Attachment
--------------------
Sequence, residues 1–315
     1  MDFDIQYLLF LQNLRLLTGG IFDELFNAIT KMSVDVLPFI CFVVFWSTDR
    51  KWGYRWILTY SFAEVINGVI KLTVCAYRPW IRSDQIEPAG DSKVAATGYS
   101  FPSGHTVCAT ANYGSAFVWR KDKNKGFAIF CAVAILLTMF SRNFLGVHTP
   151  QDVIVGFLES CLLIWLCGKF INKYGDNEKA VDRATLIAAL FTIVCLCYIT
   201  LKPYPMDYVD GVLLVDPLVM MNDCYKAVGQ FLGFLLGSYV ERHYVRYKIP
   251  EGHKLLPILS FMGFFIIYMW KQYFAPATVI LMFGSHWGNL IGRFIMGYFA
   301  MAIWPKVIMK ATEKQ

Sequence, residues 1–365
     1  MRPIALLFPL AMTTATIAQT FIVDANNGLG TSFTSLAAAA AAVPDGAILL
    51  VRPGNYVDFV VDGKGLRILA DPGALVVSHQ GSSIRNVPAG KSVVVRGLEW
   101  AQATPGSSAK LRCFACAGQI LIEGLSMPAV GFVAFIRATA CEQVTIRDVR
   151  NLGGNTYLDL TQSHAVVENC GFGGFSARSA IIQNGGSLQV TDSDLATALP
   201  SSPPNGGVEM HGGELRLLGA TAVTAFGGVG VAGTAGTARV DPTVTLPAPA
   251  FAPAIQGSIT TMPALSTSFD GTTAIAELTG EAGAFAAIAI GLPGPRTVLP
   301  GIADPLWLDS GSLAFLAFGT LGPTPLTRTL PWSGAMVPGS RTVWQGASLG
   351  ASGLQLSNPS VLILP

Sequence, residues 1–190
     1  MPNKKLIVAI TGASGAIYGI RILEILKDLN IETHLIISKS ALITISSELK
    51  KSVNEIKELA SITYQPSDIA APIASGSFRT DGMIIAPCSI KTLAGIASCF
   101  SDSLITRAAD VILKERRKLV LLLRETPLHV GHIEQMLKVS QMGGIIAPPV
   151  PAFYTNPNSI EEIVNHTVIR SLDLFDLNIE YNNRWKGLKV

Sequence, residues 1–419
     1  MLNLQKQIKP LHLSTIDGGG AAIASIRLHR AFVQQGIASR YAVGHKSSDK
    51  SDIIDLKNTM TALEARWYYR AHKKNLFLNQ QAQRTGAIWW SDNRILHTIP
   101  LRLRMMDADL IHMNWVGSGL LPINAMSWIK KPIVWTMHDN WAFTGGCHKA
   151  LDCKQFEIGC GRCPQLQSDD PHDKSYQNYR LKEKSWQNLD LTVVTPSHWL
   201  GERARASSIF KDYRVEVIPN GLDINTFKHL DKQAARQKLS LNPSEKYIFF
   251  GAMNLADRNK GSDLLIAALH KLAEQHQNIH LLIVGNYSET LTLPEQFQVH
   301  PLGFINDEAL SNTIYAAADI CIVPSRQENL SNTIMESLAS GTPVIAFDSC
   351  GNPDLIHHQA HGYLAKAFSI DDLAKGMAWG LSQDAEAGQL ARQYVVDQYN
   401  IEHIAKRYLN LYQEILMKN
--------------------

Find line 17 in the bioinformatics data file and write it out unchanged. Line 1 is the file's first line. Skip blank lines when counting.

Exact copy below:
   351  ASGLQLSNPS VLILP